Cole's legacy, carried on by his brother Robert's participation in modern parades, speaks to the enduring struggle for recognition and equality faced by Indigenous LGBTQ+ Australians. It underlines the critical role of LGBTQ+ events in providing a platform for marginalised communities to voice their unique perspectives and challenges. The visibility and celebration of Indigenous LGBTQ+ Australians at events like the Sydney Mardi Gras serve as a powerful reminder of their resilience and the progress made in the face of adversity. These events provide a space for Indigenous LGBTQ+ individuals to come together, share their stories, and build networks of support and solidarity.

Dylan Mooney's mural, "Malcolm Cole – larger than life" (2024) Credit: Bienalle of Sydney

Indigenous LGBTQ+ Australians bring a rich cultural heritage to their gender and sexual identities, often drawing upon traditional knowledge and practices to inform their understanding of themselves and their place within their communities. The concept of Brotherboys (trans men) and Sistergirls (trans women), for example, highlights the way in which Indigenous understandings of gender can transcend Western binary norms. ‘Sistergirl’ and ‘Brotherboy’ are terms used by Aboriginal and Torres Strait Islander people to describe gender diverse individuals who embody either a female or male spirit, respectively, and take on traditional cultural roles within their community, with many having strong connections to their heritage. This cultural lens adds depth and nuance, showcasing the diversity within the Indigenous Australian LGBTQ+ community and the importance of intersectional approaches to advocacy and support.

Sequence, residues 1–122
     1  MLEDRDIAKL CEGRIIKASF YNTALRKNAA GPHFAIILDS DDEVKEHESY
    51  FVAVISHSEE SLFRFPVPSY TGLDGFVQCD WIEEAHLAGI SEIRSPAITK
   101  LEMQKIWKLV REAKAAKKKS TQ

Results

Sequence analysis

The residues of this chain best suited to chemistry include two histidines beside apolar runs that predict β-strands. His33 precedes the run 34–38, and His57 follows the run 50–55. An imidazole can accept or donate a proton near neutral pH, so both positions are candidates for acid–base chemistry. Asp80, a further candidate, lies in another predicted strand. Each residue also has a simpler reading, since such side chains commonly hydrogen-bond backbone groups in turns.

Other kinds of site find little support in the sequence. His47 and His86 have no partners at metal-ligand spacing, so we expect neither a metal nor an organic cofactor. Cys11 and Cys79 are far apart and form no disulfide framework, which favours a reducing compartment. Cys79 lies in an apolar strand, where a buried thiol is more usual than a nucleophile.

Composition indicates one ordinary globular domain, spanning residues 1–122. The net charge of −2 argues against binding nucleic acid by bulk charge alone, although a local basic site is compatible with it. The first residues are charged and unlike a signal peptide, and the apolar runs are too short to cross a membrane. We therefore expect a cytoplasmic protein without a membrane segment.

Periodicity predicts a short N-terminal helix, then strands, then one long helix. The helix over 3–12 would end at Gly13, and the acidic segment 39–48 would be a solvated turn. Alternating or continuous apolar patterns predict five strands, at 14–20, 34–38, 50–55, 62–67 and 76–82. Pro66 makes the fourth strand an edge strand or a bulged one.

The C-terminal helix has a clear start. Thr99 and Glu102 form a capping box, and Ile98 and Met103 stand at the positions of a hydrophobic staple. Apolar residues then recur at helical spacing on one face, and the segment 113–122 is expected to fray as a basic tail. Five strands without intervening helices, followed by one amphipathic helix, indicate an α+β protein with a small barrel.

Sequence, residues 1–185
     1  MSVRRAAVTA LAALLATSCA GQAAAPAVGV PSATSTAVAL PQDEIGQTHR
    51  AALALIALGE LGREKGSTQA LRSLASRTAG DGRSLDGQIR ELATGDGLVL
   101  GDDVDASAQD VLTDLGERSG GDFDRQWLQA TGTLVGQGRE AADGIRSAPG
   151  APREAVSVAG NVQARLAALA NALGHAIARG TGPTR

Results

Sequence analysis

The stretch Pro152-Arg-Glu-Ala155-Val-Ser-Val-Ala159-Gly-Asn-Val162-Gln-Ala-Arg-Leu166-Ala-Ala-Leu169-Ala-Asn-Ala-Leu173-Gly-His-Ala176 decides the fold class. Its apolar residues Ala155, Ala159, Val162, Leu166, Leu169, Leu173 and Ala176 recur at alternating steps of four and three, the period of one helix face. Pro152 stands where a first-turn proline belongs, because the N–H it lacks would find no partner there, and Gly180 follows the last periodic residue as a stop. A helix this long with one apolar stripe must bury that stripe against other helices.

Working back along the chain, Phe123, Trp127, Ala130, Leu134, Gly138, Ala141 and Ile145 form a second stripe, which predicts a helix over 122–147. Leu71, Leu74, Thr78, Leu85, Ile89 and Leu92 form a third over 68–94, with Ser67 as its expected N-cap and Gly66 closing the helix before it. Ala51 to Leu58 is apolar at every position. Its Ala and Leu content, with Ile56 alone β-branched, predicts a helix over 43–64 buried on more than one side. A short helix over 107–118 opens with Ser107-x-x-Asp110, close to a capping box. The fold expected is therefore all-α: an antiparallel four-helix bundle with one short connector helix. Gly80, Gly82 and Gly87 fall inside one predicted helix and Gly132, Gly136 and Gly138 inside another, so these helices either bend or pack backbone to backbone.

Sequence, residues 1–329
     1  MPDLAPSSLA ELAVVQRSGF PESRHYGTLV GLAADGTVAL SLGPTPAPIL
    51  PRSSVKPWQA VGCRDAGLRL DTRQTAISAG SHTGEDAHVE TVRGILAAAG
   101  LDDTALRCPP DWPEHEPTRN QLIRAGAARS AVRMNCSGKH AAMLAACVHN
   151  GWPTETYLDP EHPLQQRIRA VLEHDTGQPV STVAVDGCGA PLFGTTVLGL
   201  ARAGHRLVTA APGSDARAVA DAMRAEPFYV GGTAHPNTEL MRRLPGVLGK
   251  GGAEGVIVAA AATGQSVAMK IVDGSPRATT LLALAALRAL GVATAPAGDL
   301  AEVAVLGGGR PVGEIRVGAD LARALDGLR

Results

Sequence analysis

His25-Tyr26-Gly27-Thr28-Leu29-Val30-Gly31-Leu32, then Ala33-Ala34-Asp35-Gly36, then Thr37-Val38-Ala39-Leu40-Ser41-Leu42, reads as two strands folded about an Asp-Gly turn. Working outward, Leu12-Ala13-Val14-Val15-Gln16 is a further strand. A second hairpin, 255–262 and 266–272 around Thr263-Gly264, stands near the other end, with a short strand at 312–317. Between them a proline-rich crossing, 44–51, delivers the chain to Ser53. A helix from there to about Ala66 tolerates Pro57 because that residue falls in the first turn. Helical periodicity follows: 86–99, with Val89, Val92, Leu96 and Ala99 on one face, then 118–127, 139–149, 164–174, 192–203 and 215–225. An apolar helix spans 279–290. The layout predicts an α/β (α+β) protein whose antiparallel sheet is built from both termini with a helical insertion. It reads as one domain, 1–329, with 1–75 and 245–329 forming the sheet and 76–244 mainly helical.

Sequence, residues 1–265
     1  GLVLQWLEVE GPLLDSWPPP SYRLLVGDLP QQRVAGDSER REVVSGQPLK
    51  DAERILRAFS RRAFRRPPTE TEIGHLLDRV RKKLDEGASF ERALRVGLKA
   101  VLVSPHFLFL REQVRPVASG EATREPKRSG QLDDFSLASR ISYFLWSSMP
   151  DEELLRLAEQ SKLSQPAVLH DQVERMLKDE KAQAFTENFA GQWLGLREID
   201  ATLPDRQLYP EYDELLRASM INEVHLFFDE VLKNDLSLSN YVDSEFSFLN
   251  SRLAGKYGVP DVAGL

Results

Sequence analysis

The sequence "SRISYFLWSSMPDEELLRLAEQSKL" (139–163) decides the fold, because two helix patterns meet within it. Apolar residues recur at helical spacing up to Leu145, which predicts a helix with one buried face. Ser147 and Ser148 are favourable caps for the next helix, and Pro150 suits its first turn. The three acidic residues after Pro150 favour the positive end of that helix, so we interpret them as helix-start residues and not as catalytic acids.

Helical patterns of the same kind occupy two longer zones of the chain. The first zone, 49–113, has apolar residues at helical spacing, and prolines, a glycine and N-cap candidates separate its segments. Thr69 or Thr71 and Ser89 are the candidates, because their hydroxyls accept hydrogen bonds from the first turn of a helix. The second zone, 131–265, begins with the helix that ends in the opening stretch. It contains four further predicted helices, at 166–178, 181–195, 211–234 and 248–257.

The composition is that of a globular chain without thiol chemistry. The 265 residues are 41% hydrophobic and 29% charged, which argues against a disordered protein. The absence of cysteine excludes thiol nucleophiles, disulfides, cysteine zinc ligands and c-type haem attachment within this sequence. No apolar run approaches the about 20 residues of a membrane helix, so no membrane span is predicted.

Recent research and reports shed light on the significant hurdles the Indigenous LGBTQ+ community continues to face. A study from Western Australia highlights the frequent invisibility and marginalisation of queer Indigenous individuals, both within broader Australian society and their own communities. Racism often compounds the discrimination experienced due to gender and sexual identity, leading to issues like homelessness, mental health struggles, and isolation.